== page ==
Residents of the United Kingdom have things a little better. If you want, you can ask your ISP to remove all your personal data under the “right to erasure” provision. However, ISPs can’t remove everything as specific data retention is mandatory as well.
Like the UK, the EU has a “right to be forgotten” clause you can leverage to get ISPs to remove some data. The EU offers some of the highest privacy regulations globally, but it is by no means perfect either.
As many of us know, China – and many other Asian countries – aren’t big on user privacy. While some have perfunctorily implemented data protection laws, most countries in the region heavily rely on ISPs as part of their policing efforts on society.
What Data is Collected and Why
There are many reasons why ISPs collect data, so we’ll start with the most basic. Most governments work closely with ISPs to regulate Internet usage within the country. ISPs are ideal for this since all data needs to flow through their infrastructure.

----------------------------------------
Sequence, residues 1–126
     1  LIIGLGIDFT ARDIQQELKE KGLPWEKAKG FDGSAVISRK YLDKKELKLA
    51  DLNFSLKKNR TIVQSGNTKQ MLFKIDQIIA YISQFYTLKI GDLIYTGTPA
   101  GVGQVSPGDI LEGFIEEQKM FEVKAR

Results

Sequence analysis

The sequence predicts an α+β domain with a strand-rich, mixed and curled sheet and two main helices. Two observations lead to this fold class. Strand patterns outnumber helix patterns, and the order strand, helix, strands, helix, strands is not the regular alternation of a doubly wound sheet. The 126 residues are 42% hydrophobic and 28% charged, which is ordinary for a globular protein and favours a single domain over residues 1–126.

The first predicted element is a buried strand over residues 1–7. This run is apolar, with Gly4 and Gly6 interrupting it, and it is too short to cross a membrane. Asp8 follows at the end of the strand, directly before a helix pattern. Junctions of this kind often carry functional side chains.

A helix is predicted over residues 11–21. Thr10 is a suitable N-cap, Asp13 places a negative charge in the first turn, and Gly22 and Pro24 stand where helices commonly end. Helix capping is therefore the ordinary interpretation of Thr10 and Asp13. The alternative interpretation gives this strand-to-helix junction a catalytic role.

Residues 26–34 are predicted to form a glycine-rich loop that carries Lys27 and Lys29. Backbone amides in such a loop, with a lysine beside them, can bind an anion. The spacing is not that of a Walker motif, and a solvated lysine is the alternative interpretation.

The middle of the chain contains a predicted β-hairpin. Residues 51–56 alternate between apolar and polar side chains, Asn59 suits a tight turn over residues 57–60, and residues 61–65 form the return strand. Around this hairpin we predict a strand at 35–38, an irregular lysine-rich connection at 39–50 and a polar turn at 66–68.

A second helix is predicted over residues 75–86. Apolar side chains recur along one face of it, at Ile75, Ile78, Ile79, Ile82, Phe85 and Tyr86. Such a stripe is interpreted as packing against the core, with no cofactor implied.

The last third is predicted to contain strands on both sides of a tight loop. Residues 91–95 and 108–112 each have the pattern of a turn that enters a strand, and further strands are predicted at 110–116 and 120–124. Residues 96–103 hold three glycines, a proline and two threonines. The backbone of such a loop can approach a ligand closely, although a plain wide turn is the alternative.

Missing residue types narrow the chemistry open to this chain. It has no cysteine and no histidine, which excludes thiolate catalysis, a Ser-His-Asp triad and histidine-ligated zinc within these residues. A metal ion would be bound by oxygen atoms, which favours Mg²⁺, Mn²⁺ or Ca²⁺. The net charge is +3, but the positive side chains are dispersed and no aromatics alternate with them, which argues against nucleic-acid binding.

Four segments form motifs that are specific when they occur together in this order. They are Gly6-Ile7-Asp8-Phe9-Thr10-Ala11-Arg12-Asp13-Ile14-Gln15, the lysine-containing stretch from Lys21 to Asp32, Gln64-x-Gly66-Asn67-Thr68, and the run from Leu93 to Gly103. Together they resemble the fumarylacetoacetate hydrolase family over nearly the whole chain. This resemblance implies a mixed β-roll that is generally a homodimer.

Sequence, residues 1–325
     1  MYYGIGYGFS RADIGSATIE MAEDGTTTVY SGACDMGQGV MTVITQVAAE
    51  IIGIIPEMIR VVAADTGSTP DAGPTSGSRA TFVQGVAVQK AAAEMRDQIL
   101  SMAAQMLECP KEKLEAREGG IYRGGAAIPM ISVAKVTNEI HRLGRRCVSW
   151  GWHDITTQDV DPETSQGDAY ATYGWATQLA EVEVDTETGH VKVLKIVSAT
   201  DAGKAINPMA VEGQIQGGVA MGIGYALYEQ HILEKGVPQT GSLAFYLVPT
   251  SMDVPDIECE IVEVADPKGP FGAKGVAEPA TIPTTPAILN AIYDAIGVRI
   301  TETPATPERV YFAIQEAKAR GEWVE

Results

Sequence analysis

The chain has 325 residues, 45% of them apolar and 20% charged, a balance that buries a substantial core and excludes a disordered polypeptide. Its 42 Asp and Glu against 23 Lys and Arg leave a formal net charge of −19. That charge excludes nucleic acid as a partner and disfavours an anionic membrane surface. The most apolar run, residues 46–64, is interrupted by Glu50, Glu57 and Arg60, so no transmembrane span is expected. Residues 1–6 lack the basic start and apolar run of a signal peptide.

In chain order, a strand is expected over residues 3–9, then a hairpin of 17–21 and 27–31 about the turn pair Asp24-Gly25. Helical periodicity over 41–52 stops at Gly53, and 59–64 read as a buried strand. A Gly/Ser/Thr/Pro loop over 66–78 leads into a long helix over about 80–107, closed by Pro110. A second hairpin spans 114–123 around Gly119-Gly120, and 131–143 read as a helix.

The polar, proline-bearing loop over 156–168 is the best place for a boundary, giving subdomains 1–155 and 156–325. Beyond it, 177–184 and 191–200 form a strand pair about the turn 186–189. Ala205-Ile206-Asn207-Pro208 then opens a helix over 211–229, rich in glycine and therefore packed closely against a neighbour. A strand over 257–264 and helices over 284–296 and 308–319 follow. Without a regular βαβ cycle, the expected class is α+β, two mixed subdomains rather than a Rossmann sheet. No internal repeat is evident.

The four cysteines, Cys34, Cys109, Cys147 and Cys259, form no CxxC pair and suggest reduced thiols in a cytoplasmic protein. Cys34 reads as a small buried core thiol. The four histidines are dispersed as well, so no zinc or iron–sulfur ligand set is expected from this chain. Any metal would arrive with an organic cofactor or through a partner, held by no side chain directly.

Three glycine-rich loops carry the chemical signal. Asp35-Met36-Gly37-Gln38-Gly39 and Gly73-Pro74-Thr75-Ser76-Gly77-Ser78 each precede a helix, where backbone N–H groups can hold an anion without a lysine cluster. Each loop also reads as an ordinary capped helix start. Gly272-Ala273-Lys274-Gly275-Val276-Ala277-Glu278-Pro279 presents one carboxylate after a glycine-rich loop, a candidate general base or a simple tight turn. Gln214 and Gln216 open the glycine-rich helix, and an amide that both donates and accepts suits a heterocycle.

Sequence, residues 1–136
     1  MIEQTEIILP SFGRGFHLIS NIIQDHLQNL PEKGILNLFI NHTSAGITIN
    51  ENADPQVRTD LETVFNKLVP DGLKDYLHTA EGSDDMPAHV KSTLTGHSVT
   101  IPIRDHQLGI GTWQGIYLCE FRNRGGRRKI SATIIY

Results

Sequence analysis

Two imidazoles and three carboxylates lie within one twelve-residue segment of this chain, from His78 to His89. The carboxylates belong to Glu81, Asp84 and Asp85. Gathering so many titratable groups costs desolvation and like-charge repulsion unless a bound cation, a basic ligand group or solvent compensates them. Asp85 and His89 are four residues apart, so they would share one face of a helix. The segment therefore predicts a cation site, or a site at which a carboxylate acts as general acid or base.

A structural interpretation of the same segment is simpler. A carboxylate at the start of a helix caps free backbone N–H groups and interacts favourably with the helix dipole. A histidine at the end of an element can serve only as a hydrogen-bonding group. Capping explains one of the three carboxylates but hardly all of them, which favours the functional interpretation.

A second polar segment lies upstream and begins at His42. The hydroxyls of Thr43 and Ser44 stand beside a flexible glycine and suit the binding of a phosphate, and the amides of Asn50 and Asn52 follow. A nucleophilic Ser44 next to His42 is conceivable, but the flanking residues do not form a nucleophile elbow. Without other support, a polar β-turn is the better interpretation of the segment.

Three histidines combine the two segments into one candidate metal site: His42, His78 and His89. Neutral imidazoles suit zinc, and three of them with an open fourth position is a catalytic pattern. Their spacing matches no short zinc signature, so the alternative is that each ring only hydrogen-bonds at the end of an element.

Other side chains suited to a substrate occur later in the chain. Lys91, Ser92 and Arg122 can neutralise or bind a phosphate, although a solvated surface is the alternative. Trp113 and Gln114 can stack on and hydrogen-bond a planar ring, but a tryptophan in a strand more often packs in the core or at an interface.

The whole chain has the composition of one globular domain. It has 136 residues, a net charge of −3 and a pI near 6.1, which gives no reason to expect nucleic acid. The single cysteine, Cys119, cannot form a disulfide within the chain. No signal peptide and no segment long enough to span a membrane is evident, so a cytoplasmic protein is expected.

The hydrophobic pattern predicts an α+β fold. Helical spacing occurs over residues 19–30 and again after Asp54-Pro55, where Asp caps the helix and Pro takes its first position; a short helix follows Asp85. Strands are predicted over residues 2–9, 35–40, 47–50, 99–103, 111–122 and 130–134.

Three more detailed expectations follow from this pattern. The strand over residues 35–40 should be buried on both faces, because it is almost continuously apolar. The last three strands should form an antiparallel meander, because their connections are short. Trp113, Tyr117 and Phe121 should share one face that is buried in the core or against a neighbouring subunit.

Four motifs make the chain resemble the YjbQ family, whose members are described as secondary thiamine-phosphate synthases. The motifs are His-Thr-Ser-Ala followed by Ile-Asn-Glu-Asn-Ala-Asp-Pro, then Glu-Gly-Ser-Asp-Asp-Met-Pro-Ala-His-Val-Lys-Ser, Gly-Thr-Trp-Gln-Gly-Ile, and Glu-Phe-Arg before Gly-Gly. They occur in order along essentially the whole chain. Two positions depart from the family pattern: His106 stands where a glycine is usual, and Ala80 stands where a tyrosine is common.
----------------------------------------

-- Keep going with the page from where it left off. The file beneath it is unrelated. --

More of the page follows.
Depending on the country, governments use the data for various reasons.
For example, the Malaysian government uses ISPs to censor political and adult content. ISPs in the country are handed lists of domains to ban, blocking user attempts to access these websites.
Studies show that various ISPs in the US, including AT&T, Verizon, and Comcast, collect massive amounts of data in the US. This data is for marketing and advertising purposes, and in some cases, sold or transferred to third parties.